Controversial and colorful British occultist Aleister Crowley (1875–1947) was a man of many epithets, known variously as “The Wickedest Man in the World,” “The King of Depravity,” and even “The Beast 666.” He was praised as an accomplished mountaineer, poet, novelist, painter, chess master, and philosopher. He was also maligned as a drug addict, hedonist, and sex fiend. But another apt descriptor, though rarely mentioned, greatly shaped much of his life and writings: He was the ultimate gourmand.

Since he was a man of passion with Rabelaisian appetites about all manner of experiences, it should come as no surprise that Crowley embraced fine food and drink. But he paired excess with connoisseurship: Peppered throughout his personal diaries are hand-written recipes, detailed notes on wines, critiques of restaurants, and analyses of the varieties of foods to consume or not consume before certain “magickal” rituals.

Over the course of his life, Crowley traveled to Egypt, Mexico, China, Burma, Nepal, Germany, Algeria, Portugal, France, Japan, Scotland, and Ceylon (now Sri Lanka), among others. Throughout all these voyages, his personal journals—later published as Confessions—include extensive commentary upon the culinary offerings of the local cuisines, as well as restaurants and grand hotels in which he resided, such as London’s Savoy Hotel and its famed Savoy Grill, which boasted celebrity chef Auguste Escoffier at its helm.

“O oysters! Be ye unto me strength that I formulate the 12 rays of the Crown of HVA! I conjure ye, and very potently command.“
“O oysters! Be ye unto me strength that I formulate the 12 rays of the Crown of HVA! I conjure ye, and very potently command.“

In 1899, when he was just 22 years old, Crowley purchased Boleskine House on the southeast side of Loch Ness in Scotland. The home offered a bounty of salmon, deer, and game birds, all for the acquisition with fishing rod or hunting rifle. Richard Kaczynski, the author of Perdurabo: The Life of Aleister Crowley, says that Crowley’s love for salmon was a common theme in his writings and that “ready access to freshly-caught salmon may explain his disdain for tinned salmon, which he uses as a comparison for people or places he disliked.”

During his extended travels in the Far East and North Africa, Crowley developed a taste for spicy foods—a preference he honed on his mountaineering expeditions. On one of his earliest climbs, to Zermatt in Switzerland at the age of 21, Crowley perfected his fiery curry-making skills:

The weather made it impossible to do any serious climbing; but I learnt a great deal about the work of a camp at high altitudes, from the management of transport to cooking; in fact, my chief claim to fame is, perhaps, my “glacier curry.” It was very amusing to see the strong men, inured to every danger and hardship, dash out of the tent after one mouthful and wallow in the snow, snapping at it like mad dogs. They admitted, however, that it was very good as curry and I should endeavour to introduce it into London restaurants if there were only a glacier. Perhaps, some day, after a heavy snowfall—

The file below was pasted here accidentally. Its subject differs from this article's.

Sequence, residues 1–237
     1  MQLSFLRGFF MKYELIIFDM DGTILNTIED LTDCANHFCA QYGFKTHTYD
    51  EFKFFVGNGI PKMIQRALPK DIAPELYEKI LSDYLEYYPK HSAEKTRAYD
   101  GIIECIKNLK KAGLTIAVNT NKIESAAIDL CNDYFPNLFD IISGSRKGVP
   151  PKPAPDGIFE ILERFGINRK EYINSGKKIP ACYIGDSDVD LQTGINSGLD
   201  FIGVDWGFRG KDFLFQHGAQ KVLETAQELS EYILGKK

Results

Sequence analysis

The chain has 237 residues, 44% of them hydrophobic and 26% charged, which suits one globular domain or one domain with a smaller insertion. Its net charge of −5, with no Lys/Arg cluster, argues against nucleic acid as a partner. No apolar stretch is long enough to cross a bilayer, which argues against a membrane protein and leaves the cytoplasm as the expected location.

Crowley’s treks proved him a prodigious and often trailblazing mountaineer. He took part in the first climbing attempt up the famed Chogori (K2) in 1902 and led a challenge on Kanchenjunga in 1905. It would be another 50 years before either of these great peaks would be successfully summited so these early attempts are quite noteworthy. Crowley’s provisioning lists for these mountaineering treks include voluminous tins of Danish butter and cases of Champagne, all to be hauled by his loyal and long-suffering sherpas.

Never a fan of canned food, Crowley’s diet of tinned food on expedition proved detrimental when gluttony overtook him during a trip through Baltistan in Pakistan. He wrote:

I made rather a beast of myself. I had been starving on canned food for nearly two months, and that half-warm, half-cooked fresh mutton made me practically insane. But never in my whole life have I tasted anything like that mutton. I gorged myself to the gullet, was violently sick, and ordered a fresh dinner.

A specific aspect of Crowley’s ritual use of food was for “magickal retirements,” meditative retreats he conducted prior to religious initiation ceremonies. According to Lon DuQuette, author of more than a dozen books analyzing and exploring the rituals of Aleister Crowley, a magickal retirement is a process of divesting. It is getting away from the distraction of the rest of the world, but documenting and tracking everything; moods, weather, sleep, sex, and—yes—foods eaten, and how these external forces affect you.”

Crowley’s two most well-documented magickal retirements occurred in Paris in October 1908, wherein he penned Liber DCCCLX (otherwise known as John St. John) and in 1916, when he stayed in a house owned by Evangeline Adams in Hebron, New Hampshire.